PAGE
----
Graph-based Pattern-oriented, Context-sensitive Code Completion

Anh Tuan Nguyen, Tung Thanh Nguyen, Hoan Anh Nguyen, Ahmed Tamrawi, Hung Viet Nguyen, Jafar Al-Kofahi,
Tien N. Nguyen

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Empirical Evaluation

Experiments on Parameter Sensitivity Analysis

We first aimed to measure the accuracy of GraPacc with various values of its parameters. In GraPacc, there are 4 parameters:

  1. δ: the feature similarity threshold (Section 4.4), and
  2. α, β, γ: the name-based similarity weights in comparing the package, class, and method names of two features, respectively.
Accu Sens1
Figure 1. Accuracy with different thresholds on Dom4J

In our first experiment, we ran GraPacc on the subject system Dom4J with 127 source files, 565 test methods that use Java Util, and the total of 660 recommended API usages with 1,637 API elements. We fixed α = β = γ = 1/3, varied δ from 0.3 to 1 with step of 0.1, and measured precision, recall, and f-score at those values of δ. Figure 1 shows the result. As shown, precision ranges from 80% to 93%, recall from 70% to 79%, and f-score from 75% to 85%. In general, f-score is at a very high level and is quite stable. As seen, when the name-based feature similarity δ increases, f-score also slightly increases and peaks at δ = 0.9. This is reasonable because high threshold on name-based feature similarity helps GraPacc avoid incorrect matching between types, variables, and other API elements from a query to the patterns, i.e. improves precision. However, strict matching, i.e. δ = 1, reduces the recall, since it allows only identical names to be matched, thus, reduces the numbers of the matched features and the pattern candidates.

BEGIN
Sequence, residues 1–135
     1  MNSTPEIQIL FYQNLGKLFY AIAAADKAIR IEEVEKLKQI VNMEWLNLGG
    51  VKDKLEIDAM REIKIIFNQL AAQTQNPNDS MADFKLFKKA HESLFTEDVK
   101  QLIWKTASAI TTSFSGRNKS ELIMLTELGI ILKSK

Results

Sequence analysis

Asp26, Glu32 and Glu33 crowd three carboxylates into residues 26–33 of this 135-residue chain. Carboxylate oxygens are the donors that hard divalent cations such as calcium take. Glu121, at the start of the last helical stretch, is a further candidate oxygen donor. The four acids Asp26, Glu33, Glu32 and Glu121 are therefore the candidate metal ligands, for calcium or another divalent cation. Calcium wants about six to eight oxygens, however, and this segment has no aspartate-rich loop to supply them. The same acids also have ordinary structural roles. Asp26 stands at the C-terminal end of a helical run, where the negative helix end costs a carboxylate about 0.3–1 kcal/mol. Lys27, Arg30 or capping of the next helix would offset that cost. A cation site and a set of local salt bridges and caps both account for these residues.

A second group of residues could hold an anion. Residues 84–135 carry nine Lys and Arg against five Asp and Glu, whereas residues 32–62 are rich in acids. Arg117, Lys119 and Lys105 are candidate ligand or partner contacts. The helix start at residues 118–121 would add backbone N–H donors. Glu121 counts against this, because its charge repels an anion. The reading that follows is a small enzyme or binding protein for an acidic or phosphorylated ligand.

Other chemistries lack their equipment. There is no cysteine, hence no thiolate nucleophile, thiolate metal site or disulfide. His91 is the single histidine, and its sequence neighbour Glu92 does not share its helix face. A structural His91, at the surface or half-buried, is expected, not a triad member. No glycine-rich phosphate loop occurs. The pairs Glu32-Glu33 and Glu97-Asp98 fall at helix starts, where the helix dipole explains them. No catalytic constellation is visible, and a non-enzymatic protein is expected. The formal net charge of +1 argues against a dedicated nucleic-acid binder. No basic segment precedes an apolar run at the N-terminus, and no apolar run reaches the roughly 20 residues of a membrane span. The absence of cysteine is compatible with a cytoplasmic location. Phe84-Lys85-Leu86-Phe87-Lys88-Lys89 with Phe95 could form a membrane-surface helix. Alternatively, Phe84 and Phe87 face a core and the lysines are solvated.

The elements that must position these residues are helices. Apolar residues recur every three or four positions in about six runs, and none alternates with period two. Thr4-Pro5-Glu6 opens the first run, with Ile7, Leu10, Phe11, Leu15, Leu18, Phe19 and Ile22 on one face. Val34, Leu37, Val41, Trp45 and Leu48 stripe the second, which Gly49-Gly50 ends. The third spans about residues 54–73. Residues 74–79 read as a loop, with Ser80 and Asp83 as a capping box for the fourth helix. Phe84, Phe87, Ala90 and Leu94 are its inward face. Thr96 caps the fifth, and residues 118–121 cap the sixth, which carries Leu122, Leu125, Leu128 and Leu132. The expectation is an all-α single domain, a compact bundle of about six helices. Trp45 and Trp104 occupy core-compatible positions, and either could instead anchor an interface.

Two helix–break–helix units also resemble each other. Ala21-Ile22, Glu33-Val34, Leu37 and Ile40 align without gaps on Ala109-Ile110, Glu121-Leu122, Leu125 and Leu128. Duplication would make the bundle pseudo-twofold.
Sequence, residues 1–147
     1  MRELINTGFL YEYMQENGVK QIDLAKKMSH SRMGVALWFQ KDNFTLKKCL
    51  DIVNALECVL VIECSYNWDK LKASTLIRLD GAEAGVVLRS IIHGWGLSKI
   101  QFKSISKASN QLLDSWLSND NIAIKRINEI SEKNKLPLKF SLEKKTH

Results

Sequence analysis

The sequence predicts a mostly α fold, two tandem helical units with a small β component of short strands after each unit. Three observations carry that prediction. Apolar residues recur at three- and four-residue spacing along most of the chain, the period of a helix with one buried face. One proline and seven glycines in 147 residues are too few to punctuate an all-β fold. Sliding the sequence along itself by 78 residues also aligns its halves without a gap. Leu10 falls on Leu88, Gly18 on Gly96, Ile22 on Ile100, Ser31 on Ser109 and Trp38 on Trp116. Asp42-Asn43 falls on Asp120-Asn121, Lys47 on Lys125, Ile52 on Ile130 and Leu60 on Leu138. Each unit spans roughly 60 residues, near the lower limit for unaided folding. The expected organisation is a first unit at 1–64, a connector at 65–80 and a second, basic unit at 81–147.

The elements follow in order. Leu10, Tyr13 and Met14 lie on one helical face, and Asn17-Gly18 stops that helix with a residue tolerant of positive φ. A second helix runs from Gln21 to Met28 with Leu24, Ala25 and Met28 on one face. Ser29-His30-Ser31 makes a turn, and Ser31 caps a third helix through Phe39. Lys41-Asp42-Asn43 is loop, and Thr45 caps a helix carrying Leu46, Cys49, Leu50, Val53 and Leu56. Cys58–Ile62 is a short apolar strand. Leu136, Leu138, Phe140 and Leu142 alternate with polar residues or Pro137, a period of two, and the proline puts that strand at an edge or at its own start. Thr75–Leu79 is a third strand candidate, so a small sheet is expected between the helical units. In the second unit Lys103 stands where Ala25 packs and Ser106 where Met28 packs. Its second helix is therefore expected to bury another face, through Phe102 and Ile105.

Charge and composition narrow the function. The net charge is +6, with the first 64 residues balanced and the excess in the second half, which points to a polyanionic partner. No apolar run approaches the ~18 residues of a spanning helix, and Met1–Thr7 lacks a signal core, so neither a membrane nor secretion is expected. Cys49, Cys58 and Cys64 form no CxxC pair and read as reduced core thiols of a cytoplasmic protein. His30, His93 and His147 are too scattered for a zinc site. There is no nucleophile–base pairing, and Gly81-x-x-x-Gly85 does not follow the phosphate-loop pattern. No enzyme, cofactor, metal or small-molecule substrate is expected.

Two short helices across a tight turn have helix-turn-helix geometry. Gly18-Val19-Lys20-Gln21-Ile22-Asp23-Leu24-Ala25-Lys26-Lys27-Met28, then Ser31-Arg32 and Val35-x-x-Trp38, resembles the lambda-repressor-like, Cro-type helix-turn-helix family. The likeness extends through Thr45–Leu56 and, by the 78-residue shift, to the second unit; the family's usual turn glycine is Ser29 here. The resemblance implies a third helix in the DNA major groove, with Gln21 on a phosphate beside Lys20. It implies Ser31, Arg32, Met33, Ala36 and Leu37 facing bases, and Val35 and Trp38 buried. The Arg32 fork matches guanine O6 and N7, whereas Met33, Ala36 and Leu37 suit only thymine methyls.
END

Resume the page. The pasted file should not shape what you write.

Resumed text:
In our next experiment, we ran GraPacc on Dom4J with various weighting values for the parameters α, β, and γ, respectively. The higher the values of α, β, and γ are, the more weights are given to the similarity of package, class, and method names, respectively, in feature comparison between a query and a pattern. Since the sum of all three parameters must be equal to 1, we varied only β and γ, each from 0 to 1 with the increasing step of 0.1. We fixed δ at 0.5 to allow α , β, and γ to have more impact on the accuracy.

Table 1 shows the f-score values with various values of β and γ. Each row corresponds to the change of f-score with respect to the change of γ when β is fixed at a value from 0 to 1. As seen, when β is zero (disregarding the similarity between class names), f-score values are lower than those in other cases. However, if β is non-zero, when γ increases, i.e. more weights are put to the method's name similarity, f-score also increases. Moreover, as seen in each column (i.e. when γ is fixed), when (non-zero) β is varied from 0.1 to 1, f-score does not change much. Importantly, f-score achieves the highest point of 81%, when γ is 0.6 and β = α = 0.2. In addition, the region of maximum f-score values is around the values of 0.5-0.8 for γ, and those of 0.1-0.5 for β.

Thus, this result shows that putting a higher weight for method names similarity than those for package and class names similarity yields higher accuracy. However, we cannot discard the package and class names (i.e. α and β) when comparing the features.